July 1, 2003

Traitors' Grate

This just in from Declan McCullagh's invaluable Politechbot: a thoughtful and unbiased examination of the fashion of calling this person or that person or some organization a "traitor" guilty of "treason." In it Jamie McCarthy has done a yeoman's job of bringing us up to date on this trend. Informative, but it seems to have an aura of "continuing crisis in civil liberties" underneath it all that I just can't share.

Granted Mc Carthy has done some very worthwhile searching on this issue of treason and I read his citations of blather from the right and the left with interest. Still, I found myself retroactively immune to either alarm or despair.

While I understand that the flinging about of "traitor" and "treason" is a phenomenon more closely associated with the last two years than immediately before, it all in the end strikes me as merely much of a mushiness. Indeed, those who bemoan the treason epidemic seem to be in the same category as those who tout the daily suppression of their free speech - in front of a raft of various media only too ready to lay their plaints before as many of our 300 million fellow citizens who care to listen. Tim Robbins shameless and endless bleatings in front of the National Press Club a few months back come to mind as a sterling example of the unsupressed victim of speech suppression.

In the case of "Treason" as in the case of "Free Speech," I am always left wondering how so many can concatenate the actions of the citizens of the United States with the powers reserved to the Government of the United States.

It seems to me that I can, or you can, or any person can call another a traitor, or say that his or her behavior is treasonous, at any time and on any pretext. At most the speaker risks a suit for libel or slander from his target. Thus it would seem that it is the accuser that is much more at risk here than the accused. The accuser, in this case Anne Coulter, is not - at least as far as I am aware - a lawfully empowered agent of the Federal Government. She is as free to call any individual or group a traitor as, say, James Carville would be to call Coulter a "whacked out bimbo with the political morals of a ferret and an inexplicable attraction to unbald Republicans." Not that such a southern gentleman as Carville would ever utter such a sentiment.

In like manner, those who carp about the suppression of their speech through the criticism of their fellow citizens always make me wonder what part of "Congress shall make no law..." they fail to comprehend.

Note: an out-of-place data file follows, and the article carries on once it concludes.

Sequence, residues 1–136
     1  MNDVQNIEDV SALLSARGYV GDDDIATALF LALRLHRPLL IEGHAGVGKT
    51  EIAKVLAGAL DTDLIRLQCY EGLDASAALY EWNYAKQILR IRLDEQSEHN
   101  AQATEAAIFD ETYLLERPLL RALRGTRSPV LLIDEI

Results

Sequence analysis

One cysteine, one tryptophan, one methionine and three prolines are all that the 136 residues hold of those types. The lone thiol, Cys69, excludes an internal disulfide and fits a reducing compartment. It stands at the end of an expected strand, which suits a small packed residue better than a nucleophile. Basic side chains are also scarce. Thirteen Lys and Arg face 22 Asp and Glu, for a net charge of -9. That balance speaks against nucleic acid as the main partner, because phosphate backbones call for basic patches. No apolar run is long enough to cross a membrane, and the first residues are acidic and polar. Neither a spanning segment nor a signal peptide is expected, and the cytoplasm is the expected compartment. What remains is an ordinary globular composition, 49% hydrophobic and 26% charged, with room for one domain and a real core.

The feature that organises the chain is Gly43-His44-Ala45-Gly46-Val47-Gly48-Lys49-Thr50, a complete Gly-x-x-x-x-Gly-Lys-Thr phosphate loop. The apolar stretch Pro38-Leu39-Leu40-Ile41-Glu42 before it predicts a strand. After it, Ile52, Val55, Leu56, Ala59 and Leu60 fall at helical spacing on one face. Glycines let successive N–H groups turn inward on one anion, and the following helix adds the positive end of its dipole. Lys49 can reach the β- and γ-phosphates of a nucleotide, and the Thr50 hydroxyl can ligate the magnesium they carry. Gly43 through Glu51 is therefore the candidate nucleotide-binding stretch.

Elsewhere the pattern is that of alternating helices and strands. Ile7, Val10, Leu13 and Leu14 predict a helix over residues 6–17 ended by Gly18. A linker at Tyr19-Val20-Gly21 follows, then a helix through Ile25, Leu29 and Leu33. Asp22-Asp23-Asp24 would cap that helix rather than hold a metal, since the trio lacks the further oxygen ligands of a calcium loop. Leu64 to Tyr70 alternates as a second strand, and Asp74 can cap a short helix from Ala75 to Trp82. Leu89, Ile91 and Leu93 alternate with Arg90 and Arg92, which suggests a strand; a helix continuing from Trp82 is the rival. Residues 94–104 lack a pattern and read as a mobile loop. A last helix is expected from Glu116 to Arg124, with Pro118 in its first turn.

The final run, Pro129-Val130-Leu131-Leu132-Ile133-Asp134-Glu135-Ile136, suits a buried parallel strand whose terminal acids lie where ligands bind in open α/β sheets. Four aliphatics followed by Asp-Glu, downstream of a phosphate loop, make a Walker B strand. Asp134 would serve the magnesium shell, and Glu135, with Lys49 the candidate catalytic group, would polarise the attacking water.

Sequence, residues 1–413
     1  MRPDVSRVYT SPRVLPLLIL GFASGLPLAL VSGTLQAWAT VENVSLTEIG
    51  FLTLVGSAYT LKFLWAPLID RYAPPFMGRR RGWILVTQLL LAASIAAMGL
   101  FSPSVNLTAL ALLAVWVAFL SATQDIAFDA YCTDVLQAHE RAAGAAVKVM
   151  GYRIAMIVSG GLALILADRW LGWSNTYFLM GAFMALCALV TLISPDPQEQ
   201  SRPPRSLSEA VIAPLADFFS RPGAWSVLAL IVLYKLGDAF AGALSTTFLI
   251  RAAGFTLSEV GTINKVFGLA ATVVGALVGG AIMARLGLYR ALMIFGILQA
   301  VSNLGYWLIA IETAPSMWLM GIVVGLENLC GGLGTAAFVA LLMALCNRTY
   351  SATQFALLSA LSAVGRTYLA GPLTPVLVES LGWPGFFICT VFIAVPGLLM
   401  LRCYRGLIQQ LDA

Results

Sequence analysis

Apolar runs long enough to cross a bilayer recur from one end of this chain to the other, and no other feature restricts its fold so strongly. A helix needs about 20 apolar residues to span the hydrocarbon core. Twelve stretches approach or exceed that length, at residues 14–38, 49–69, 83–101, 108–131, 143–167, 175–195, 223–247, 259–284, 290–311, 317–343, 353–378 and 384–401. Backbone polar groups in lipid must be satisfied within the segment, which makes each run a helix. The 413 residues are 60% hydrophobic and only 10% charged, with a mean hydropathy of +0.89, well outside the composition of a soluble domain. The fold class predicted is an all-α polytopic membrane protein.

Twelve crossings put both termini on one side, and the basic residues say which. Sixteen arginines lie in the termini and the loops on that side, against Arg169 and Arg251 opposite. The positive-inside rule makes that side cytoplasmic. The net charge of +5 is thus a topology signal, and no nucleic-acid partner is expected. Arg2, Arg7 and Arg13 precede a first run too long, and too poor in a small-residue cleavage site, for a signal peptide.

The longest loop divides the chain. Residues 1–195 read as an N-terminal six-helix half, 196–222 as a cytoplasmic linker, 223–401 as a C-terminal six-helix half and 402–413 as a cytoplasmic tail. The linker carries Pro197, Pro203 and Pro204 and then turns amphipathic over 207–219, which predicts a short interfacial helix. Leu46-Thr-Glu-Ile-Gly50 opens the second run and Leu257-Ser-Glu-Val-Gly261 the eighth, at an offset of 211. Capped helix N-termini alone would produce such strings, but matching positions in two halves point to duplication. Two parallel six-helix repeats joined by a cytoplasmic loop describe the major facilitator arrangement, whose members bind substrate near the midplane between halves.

As a citizen, it seems to me that I am perfectly at liberty to say:

"Declan McCullagh is an American set upon the destruction of this country by consistently filing reports that do not make it comfortable for the powers that be, and for failing to toe the Washington Establishment line in exchange for lots of free lunches with lobbyists. Because of this his web site should be shut down and he should be imprisoned for a very long time in a very small room with a television that only receives Fox News."
I can call for this daily until the sun falls from the sky, and it doesn't seem to me there's much that can be done to stop it. My speech certainly can't suppress Declan's. It may or may not stimulate agreement, but it can't operate like a restraining order or custom-fitted ball gag.

Hence I don't see from what source all the anxiety springs concerning treason and the suppression of speech. As long as these charges arise from individual or organizations with no formal ties to the government, anxiety would seem to be mere paranoia unless it helps raise money from those who are easily startled.

Should the government actively see to put someone on trial for treason, I think they would probably need more than Anne Coulter's observations and assertions. Indeed, the requirements for such a charge are spelled out in some detail in the Constitution, but I won't rehearse them here.

Likewise, should the government attempt to formally shut down Politechbot in response to something transmitted on it, it had better be something akin to childporn or a secret terrorist message embedded deep within that jpeg of Phil Zimmermann on the home page (How very clever would that be?) to avoid a firestorm of protest and the launching of 30 Habeas Corpus packing ACLU lawyers from their underground silos in San Francisco.

Yes, I know, I know about the dreaded Ashcroft, that Eldritch Horror, but I've still to get a real case of Ashcroftitus raising a rash on my brain. In so many places and at so many times, the man has shown himself to be a mere gasbag. A dangerous one to be sure, but it really isn't in what he says, it is in what he can do that counts. And if we compare his pronouncements with his actions we'll see that the former far exceed the latter. Does this mean I favor the evil Patriot Act? Heaven forfend, but that's headed for the Supreme Court with a JATO booster so we shall see what we shall see.

Does Anne Coulter command the Justice Department or the National Guard? Does Bill O'Reilly have the power to shut down the presses of the New York Times? I know it is fun to get all hot and bothered by these professional blatherers, but until such time as they meld into the Government, it might be best for every one to take a deep breath and say, with Glinda the Good Witch: "You have no power here. Begone, before somebody drops a house on you."

Posted by Vanderleun at July 1, 2003 6:56 PM
Bookmark and Share